'TV's Top 5': 'One Day at a Time' Bosses Say Farewell; Disney's Dizzying Streaming Blitz

One Day at a Time - Mike Royce and Gloria Calderon Kellett
Netflix; Rich Polk/Getty Images

Welcome to another episode of TV's Top 5, The Hollywood Reporter's TV podcast.

Every week, hosts Lesley Goldberg (West Coast TV editor) and Daniel Fienberg (chief TV critic) break down the latest TV news with context from the business and critical sides, welcome showrunners, executive and other guests and provide a critical guide of what to watch (or skip, as the case may be).

This week's five topics are:

1. Disney's Investor Day.
Following a tidal wave of news during a four-hour presentation, Disney hammered home a message that they're all in on streaming (in case you didn't notice). Ten Star Wars shows. Ten Marvel shows. Plus scores of reboots and remakes for film and TV series. Hulu was there, too, and scored the Kardashians next show — normally a huge announcement — that felt more like an afterthought. FX delivered an Alien show and a Rolling Stones drama. Plus It's Always Sunny made history. But the real takeaway was that of Disney the 100 movies and TV shows the company has in the works, 80 of them are coming to streaming.

2. A fond farewell to One Day at a Time.
One Day at a Time's journey is officially over after news this week that producers Sony could not find a third home for the beloved comedy. Showrunners Gloria Calderon Kellett and Mike Royce join the show this week to say farewell to their fan-favorite series in an interview that is both funny and emotional.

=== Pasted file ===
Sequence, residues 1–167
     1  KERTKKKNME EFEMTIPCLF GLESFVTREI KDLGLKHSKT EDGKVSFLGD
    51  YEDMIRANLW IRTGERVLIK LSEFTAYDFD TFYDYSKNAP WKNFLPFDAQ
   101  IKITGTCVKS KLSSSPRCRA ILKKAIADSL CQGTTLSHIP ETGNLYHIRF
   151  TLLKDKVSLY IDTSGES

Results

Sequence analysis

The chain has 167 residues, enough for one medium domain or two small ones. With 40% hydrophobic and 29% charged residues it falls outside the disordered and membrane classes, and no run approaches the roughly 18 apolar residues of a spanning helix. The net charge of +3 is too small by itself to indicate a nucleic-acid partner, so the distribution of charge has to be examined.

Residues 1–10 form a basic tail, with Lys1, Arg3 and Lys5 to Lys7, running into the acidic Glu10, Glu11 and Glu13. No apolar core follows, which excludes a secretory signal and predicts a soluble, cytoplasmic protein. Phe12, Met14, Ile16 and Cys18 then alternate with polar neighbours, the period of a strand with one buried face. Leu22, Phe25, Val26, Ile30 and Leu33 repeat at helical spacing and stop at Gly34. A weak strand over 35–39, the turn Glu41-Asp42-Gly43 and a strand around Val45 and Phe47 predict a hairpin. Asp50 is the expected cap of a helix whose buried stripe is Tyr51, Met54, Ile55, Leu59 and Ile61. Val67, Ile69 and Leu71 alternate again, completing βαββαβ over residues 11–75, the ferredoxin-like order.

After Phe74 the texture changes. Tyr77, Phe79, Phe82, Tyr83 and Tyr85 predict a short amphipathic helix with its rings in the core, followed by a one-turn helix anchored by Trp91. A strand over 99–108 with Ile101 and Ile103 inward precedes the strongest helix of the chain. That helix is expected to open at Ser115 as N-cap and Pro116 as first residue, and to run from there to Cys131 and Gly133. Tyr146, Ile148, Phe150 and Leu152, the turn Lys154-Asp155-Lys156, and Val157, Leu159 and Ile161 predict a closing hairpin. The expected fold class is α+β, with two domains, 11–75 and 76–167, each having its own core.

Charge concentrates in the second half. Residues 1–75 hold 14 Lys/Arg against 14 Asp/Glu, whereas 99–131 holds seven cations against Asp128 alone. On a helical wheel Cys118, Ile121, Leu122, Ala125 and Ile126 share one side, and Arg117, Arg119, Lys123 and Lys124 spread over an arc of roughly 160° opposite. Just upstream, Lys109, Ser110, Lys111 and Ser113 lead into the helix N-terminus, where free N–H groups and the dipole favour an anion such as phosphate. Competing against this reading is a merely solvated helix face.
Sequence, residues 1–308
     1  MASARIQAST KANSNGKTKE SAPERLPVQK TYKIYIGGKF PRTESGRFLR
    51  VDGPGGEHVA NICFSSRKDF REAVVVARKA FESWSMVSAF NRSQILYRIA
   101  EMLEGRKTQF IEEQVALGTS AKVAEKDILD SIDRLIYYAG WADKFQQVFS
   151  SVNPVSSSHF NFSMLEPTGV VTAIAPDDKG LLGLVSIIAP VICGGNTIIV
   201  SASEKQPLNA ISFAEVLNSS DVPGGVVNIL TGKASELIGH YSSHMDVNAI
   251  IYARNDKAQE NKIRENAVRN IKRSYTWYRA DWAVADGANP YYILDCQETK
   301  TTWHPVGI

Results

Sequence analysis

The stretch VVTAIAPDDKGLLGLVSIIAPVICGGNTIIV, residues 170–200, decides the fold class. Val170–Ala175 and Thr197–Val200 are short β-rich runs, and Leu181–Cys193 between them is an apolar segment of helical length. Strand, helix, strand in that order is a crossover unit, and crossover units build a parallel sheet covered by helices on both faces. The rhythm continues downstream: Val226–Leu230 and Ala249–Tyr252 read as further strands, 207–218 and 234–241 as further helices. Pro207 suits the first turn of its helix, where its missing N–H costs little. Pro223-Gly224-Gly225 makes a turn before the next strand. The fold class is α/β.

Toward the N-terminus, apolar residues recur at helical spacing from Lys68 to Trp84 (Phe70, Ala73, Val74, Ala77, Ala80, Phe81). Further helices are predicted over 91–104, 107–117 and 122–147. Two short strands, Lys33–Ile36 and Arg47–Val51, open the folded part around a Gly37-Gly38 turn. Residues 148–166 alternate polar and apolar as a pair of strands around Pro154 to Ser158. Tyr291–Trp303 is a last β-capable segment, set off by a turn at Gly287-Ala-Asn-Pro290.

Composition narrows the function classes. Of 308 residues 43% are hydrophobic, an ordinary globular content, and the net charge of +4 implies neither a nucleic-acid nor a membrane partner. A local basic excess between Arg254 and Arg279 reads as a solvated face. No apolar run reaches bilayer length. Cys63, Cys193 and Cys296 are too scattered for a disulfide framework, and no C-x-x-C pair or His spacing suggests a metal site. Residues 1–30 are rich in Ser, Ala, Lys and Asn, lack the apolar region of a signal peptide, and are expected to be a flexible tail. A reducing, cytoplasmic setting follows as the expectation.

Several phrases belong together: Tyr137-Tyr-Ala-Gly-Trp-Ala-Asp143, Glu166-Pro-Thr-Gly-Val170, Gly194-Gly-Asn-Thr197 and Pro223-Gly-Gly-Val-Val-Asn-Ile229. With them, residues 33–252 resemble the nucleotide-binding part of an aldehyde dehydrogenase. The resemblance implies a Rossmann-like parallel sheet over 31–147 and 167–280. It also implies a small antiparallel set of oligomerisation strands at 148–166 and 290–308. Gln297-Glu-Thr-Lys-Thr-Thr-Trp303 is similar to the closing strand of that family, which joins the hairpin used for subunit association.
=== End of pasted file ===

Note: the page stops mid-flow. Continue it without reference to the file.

3. WarnerMedia backlash.
Remember last week when Warner Bros. announced that all 17 of its feature films due in 2021 would drop day and date in theaters and on HBO Max? Yeah, writers and directors and agents and yeah, a lot of people are upset about it. Joining the show this week is THR editor-at-large Kim Masters to break down the backlash and what's next.

4. Showrunner Spotlight.
The Stand's Benjamin Cavell joins the show this week for an interview about his long-in-the works adaptation of Stephen King's The Stand. While Amazon's Utopia was a show about the pandemic that launched during one, Cavell hopes the fact that his series is set in the aftermath of one will be a game-changer and help viewers avoid the fatigue of seeing our current reality depicted in art. The showrunner also opens up about why so many other attempts to bring The Stand to the screen have fallen short and if the show really is a closed-ended "limited series."

5. Critic's Corner.
As usual, every episode ends with Dan's look at what to watch (or skip). This week, he weighs in on Amazon's The Wilds.

Coming next week: As if this week's supersized show wasn't enough, we'll celebrate the 100th episode of TV's Top 5 with special guests including The Flight Attendant's Kaley Cuoco as we look back at the year that was.

Hear it all now on TV's Top 5. Be sure to subscribe to the podcast to never miss an episode. (Reviews welcome!) You can also email us at TVsTop5@THR.com with any topics or questions you'd like to hear us discuss as part of our recurring Mailbag segment.